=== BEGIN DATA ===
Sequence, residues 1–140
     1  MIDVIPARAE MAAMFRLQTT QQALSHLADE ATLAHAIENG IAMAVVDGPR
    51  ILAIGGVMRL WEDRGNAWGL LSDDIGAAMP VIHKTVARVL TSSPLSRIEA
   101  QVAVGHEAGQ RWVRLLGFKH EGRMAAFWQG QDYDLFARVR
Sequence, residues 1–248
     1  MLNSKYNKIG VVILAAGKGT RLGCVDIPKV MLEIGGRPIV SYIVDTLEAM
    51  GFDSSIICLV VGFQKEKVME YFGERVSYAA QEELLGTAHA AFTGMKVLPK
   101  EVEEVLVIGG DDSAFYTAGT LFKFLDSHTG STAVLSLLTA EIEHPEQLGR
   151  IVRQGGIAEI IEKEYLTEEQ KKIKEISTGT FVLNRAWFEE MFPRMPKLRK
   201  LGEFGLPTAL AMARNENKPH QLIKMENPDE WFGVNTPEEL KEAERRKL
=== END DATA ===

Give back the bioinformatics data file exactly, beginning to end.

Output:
Sequence, residues 1–140
     1  MIDVIPARAE MAAMFRLQTT QQALSHLADE ATLAHAIENG IAMAVVDGPR
    51  ILAIGGVMRL WEDRGNAWGL LSDDIGAAMP VIHKTVARVL TSSPLSRIEA
   101  QVAVGHEAGQ RWVRLLGFKH EGRMAAFWQG QDYDLFARVR
Sequence, residues 1–248
     1  MLNSKYNKIG VVILAAGKGT RLGCVDIPKV MLEIGGRPIV SYIVDTLEAM
    51  GFDSSIICLV VGFQKEKVME YFGERVSYAA QEELLGTAHA AFTGMKVLPK
   101  EVEEVLVIGG DDSAFYTAGT LFKFLDSHTG STAVLSLLTA EIEHPEQLGR
   151  IVRQGGIAEI IEKEYLTEEQ KKIKEISTGT FVLNRAWFEE MFPRMPKLRK
   201  LGEFGLPTAL AMARNENKPH QLIKMENPDE WFGVNTPEEL KEAERRKL